Mikhail Kidd has been awarded the one-year Dr. Henry W. Indyk Scholarship, which is administered by The Lawn Institute (TLI). He is the son of James and Katy Kidd. James Kidd is a partowner of Cloverdale Nursery in Boise, Idaho. Mikhail is a student at Utah State University, Logan, Utah, where he is at the mid-point in his five-year field of study in Residential Landscape Design and Construction. Mikhail, and his wife, Sydney, were married in August of 2019. She is studying journalism at Utah State University.
In the career goals essay in his scholarship application, Mikhail wrote, “A career in turfgrass management has always been my goal ever since I started working as a freshman in high school. I started working at Cloverdale Nursery & Turf Farm, which is the biggest supplier of sod based out of Idaho. I worked as a general laborer at their nursery. I was drawn to the portion of the business that grew and distributed sod, and the next summer I started my own business (K2 Landscape) which focused on commercial and residential sod installation. I worked as a subcontractor for Cloverdale Nursery, and enjoyed laying sod every summer until I graduated.”
During those high school years, Mikhail was a four-time state champion in track, serving as team captain for two years, and was an all-state cornerback his senior year. He was also class president for two years, student body vice president his junior year, and student body president his senior year.
After high school graduation, Mikhail served two years as a missionary in the country of Paraguay. He said, “It was a great service opportunity, teaching about God and Jesus and seeing people find hope in their lives. I also learned Spanish among many other valuable lessons and perspectives.”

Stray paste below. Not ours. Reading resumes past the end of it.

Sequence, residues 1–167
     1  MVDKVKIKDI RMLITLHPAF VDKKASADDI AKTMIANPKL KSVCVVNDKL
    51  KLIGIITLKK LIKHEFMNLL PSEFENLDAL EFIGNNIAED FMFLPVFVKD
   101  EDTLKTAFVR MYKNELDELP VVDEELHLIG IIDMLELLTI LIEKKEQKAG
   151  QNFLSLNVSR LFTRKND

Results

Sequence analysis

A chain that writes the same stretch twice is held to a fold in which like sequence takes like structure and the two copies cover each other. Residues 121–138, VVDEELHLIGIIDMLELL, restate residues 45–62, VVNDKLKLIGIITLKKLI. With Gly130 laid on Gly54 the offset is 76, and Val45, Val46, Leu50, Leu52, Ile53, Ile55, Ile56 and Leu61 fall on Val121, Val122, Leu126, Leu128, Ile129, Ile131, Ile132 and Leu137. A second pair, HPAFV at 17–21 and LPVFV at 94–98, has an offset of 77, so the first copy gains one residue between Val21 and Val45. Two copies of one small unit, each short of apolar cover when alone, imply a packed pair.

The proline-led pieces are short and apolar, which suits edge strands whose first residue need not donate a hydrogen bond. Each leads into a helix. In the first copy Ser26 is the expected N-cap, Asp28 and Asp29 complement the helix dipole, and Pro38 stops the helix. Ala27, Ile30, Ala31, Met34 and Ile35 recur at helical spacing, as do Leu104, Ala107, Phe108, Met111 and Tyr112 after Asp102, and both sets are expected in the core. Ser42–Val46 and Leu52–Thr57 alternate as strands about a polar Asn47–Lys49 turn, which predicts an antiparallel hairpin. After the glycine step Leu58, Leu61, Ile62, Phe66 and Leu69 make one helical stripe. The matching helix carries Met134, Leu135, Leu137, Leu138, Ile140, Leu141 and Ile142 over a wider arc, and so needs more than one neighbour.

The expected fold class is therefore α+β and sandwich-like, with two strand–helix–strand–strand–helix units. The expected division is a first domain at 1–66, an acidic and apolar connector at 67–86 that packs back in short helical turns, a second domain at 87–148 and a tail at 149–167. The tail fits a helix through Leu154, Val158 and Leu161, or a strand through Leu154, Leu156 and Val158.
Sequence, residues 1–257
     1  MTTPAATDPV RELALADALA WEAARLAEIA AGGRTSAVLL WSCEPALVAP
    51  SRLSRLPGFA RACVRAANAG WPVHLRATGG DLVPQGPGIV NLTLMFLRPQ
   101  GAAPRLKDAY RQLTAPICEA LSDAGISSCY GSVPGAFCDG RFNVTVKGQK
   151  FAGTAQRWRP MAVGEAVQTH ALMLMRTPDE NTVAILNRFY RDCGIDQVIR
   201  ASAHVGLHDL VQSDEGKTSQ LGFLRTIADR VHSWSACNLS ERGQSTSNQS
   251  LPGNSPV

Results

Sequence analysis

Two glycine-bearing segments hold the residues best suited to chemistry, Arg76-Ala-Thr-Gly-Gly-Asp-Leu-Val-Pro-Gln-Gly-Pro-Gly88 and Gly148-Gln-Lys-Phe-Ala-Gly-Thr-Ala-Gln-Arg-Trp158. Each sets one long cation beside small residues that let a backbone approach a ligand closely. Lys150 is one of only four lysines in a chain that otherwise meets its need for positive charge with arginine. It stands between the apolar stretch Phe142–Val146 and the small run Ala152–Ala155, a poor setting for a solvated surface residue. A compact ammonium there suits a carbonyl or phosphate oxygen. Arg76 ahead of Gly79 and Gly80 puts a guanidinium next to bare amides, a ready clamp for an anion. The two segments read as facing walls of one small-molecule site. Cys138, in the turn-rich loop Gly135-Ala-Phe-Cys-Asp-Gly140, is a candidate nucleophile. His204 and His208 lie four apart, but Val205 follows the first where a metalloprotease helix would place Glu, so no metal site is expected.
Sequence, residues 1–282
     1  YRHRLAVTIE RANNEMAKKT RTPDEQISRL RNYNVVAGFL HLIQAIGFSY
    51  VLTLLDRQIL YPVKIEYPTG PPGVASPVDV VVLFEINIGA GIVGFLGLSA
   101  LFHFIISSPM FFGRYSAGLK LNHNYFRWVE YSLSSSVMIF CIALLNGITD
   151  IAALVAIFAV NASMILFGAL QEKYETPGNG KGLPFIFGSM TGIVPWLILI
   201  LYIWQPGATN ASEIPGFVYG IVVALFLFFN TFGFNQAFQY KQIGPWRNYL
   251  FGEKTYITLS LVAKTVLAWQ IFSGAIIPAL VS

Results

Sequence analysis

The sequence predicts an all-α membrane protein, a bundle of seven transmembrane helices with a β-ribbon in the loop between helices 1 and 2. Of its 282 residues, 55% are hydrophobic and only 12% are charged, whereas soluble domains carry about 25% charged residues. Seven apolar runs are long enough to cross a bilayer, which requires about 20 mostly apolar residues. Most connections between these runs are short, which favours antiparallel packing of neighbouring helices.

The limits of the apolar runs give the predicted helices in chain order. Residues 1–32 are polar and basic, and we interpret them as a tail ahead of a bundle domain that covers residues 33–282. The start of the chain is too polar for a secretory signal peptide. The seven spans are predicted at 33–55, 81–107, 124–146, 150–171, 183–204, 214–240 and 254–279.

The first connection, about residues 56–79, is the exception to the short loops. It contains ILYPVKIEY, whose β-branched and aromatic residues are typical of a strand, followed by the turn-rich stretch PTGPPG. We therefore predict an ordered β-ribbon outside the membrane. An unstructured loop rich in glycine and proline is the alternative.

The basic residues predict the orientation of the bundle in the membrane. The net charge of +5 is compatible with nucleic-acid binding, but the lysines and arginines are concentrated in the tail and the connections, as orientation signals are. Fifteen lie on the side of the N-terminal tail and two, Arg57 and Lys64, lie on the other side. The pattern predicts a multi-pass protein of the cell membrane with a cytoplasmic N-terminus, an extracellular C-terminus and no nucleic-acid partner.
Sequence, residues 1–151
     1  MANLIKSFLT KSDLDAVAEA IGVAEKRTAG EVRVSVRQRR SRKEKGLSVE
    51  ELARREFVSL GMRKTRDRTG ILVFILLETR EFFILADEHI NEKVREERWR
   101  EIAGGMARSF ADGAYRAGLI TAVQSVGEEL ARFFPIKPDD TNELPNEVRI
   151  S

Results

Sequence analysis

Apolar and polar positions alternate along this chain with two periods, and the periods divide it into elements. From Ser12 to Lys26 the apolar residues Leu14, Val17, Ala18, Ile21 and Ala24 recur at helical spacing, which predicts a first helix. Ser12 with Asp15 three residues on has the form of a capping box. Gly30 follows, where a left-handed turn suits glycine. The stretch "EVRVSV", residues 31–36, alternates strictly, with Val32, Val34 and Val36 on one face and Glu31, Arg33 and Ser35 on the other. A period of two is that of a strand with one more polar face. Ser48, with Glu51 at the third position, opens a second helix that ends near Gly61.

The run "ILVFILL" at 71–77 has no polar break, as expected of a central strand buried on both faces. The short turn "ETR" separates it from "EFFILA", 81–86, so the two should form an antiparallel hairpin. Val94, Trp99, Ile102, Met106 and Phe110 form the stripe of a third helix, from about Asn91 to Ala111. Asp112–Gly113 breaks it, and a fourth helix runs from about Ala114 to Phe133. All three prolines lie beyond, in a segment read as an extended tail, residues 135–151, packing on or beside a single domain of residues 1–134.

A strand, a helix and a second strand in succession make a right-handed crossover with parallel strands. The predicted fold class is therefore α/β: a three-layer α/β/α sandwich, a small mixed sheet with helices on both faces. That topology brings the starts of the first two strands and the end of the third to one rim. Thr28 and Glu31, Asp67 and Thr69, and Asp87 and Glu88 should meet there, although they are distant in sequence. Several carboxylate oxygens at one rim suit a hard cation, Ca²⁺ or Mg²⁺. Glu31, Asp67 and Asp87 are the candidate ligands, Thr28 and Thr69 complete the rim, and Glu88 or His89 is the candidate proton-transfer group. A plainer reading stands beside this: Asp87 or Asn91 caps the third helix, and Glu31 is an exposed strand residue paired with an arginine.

When he returned home in 2017, Mikhail resumed working at Cloverdale Nursery but this time at their turf farm. He wrote, “I started learning the various trades of a turf farm, and really enjoyed my work. I learned how to operate the sod harvesters we used, the process of irrigating the sod, loading the sod onto semi-trucks, and mowing the sod with industrial-sized mowers. Every summer I have returned to the sod farm and have continued learning and gaining experience. I hope to one day achieve a management position at a sod farm, so I can continue doing this work that I have grown to enjoy.” He has been able to use the Spanish he learned as a missionary to better communicate with those employees for whom Spanish is their first language.
In her letter of recommendation, Cristin Cook, procurement manager for Cloverdale Nursery, wrote, “I have known of Mikhail Kidd his entire life. He is a very good man with great values.” And, “Although I didn’t work directly with him, I heard of his excellent work ethic from numerous employees that he worked with.”
Mikhail noted that many of his achievements are tied to lessons he learned working in the turfgrass industry. He wrote, “Though I have seen athletic success in my life, it has been far from easy. In high school I experienced two different season ending injuries that I had to overcome and push through. During my first year of college, I tried walking-on to the track team and ended up getting cut. I kept training on my own, and the next year, my run times secured my spot on the roster.”
He added, “My work in the turfgrass industry helped me overcome these challenges and achieve success through struggle. The work isn’t always easy, especially stacking sod for hours during hot summer months, or moving sprinkler pipe with soaked boots. Doing this work taught me that enduring hard things for a short time can help you achieve great things in the long run.”
Mikhail said, “Working with turfgrass has also taught me to take pride in doing high quality work, whether as a missionary, a student, an athlete, or in my job. These lessons will continue to help me in future aspects of my life.” Strike while.
Article originally published May/June 2020 Turf News